Matthew Griffin, described as “The Adviser behind the Advisers” and a “Young Kurzweil,” is the founder and CEO of the 311 Institute, a global futures and deep futures consultancy working between the dates of 2020 to 2070, and is an award winning futurist, and author of “Codex of the Future.” Regularly featured in the global media, including AP, BBC, CNBC, Discovery, RT, and Viacom, Matthew’s ability to identify, track, and explain the impacts of hundreds of revolutionary emerging technologies on global culture, industry and society, is unparalleled. Recognised for the past six years as one of the world’s foremost futurists, innovation and strategy experts Matthew is an international speaker who helps governments, investors, multi-nationals and regulators around the world envision, build and lead an inclusive, sustainable future. A rare talent Matthew’s recent work includes mentoring Lunar XPrize teams, re-envisioning global education and training with the G20, and helping the world’s largest organisations envision and ideate the future of their products and services, industries, and countries. Matthew's clients include three Prime Ministers and several governments, including the G7, Accenture, Bain & Co, BCG, BOA, Blackrock, Bentley, Credit Suisse, Dell EMC, Dentons, Deloitte, Du Pont, E&Y, GEMS, HPE, Huawei, JPMorgan Chase, KPMG, McKinsey, PWC, Qualcomm, SAP, Samsung, Sopra Steria, UBS, and many more.
WHY THIS MATTERS IN BRIEF
Scientists have found new evidence of a new, theoretical power source that is eight times more powerful than nuclear fusion, and if the theory is proved it will prove to be a revolutionary power source.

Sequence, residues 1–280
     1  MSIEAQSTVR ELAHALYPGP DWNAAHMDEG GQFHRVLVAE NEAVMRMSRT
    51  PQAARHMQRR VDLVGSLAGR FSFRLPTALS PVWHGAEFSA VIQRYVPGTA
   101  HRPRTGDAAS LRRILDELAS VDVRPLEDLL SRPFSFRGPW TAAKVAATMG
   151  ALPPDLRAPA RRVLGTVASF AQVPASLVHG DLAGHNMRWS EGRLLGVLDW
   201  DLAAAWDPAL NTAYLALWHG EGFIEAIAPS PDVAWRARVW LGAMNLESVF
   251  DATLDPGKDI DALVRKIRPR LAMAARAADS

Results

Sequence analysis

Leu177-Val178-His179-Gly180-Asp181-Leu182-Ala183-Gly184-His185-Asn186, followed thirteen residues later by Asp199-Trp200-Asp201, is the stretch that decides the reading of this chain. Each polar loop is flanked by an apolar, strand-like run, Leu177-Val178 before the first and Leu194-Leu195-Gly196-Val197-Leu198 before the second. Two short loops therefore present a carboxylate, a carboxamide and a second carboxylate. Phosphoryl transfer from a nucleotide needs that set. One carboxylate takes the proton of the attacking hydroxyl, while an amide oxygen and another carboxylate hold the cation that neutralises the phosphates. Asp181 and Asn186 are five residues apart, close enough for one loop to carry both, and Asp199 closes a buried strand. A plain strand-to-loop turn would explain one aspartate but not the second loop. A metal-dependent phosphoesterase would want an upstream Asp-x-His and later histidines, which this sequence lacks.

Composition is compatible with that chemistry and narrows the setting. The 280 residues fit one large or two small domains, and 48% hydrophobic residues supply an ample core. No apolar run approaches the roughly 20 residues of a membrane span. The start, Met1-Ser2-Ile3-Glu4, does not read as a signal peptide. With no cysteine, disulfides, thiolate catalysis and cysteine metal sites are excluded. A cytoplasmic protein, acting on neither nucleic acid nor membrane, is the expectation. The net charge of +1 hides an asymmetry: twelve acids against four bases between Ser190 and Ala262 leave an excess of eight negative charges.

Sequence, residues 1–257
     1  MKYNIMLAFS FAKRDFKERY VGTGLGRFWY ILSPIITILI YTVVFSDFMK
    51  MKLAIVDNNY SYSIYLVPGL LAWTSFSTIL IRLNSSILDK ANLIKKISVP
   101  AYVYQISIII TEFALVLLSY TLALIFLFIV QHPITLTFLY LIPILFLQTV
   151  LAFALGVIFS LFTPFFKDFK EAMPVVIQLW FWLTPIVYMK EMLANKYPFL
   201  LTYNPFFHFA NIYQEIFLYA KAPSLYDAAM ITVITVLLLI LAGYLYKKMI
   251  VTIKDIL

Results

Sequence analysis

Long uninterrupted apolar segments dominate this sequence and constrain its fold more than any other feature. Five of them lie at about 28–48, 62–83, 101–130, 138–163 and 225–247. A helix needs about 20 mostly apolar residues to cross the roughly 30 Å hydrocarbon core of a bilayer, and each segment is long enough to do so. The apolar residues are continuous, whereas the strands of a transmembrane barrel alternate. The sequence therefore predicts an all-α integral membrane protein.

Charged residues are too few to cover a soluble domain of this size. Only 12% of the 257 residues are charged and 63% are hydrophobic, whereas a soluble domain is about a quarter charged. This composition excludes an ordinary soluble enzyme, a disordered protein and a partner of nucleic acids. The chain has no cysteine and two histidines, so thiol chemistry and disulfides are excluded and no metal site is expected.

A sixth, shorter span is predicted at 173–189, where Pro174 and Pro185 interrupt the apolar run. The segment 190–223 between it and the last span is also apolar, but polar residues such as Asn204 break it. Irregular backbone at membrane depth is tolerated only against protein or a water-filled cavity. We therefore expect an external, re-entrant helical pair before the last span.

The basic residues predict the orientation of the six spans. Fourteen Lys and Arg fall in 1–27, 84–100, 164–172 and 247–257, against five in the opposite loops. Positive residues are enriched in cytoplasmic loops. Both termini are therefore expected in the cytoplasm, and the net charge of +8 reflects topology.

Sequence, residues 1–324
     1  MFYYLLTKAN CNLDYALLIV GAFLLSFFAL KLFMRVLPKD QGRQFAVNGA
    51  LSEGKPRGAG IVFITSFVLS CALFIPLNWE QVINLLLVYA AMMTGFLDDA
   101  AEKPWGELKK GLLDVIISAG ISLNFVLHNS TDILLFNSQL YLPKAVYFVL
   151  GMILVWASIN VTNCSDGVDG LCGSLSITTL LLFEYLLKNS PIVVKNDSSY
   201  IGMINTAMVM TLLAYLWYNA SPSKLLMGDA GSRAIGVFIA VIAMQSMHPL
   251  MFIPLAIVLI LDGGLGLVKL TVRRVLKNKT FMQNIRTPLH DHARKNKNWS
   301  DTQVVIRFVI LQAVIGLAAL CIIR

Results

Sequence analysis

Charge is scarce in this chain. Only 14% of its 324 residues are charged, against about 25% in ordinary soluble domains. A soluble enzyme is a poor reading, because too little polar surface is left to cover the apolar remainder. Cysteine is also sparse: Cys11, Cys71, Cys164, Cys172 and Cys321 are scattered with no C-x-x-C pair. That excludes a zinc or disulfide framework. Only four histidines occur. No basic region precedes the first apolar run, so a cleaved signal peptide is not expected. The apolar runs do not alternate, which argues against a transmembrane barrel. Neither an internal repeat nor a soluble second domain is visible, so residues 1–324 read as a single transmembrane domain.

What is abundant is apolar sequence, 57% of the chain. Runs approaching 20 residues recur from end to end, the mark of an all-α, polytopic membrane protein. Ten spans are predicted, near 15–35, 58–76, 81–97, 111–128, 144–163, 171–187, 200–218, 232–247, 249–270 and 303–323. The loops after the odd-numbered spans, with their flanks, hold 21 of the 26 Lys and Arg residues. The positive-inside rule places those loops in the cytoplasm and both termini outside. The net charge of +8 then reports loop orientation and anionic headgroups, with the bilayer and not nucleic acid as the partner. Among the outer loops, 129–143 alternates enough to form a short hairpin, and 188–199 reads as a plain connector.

This week a team of researchers from Tel Aviv University in Israel and the University of Chicago found exciting evidence suggesting that fusing Quarks together can release much more energy than anyone first thought, and if their findings are borne out then they might have just found, albeit a still theoretical one, a revolutionary new energy source that would produce eight times more power than nuclear fusion.
In their paper which was published in the journal Nature, the two lead researchers Marek Karliner and Jonathan Rosner describe their theory about the amount of energy produced when various types of quarks are fused together.
To learn more about subatomic particles, researchers at the Large Hadron Collider (LHC) regularly accelerate atoms to extreme speeds and smash them together, causing them and their constituent parts to blow apart from one another, and it’s this activity that lets scientists study the fundamentals of things like the afore mentioned quarks. In addition to this though, previous experiments at the LHC have also shown that when atoms in the collider smash into each other, sometimes the pieces that come apart collide with other parts, fusing them into particles called “Baryons,” and other experiments have shown that energy is involved when quarks fuse together.
By studying the properties of one such fusing, something called a “Doubly-charmed baryon,” the researchers found that it took 130 MeV to force the quarks into this particular configuration, but they also found that fusing the quarks together wound up releasing 12 MeV more than that.
Intrigued by their findings, they quickly focused on “Bottom quarks,” yes, I know ha ha, which are much heavier, and their calculations showed that it took 230 MeV to fuse them together but that doing so released approximately 138 MeV of energy, which is eight times more than the amount released during hydrogen fusion.
Since hydrogen fusion lies at the heart of hydrogen bombs, at first the researchers were quite naturally alarmed at their findings, so much so that they considered not publishing their results. But subsequent calculations showed that it would be impossible to cause a chain reaction with quarks because they exist for too short a period of time, approximately one picosecond which isn’t long enough to set off another baryon chain reaction. They also decay into much smaller, less dangerous lighter quarks.
The researchers were keen to point out that their work is still purely theoretical, and that they haven’t tried to fuse bottom quarks, though they note it should be technically feasible at the LHC.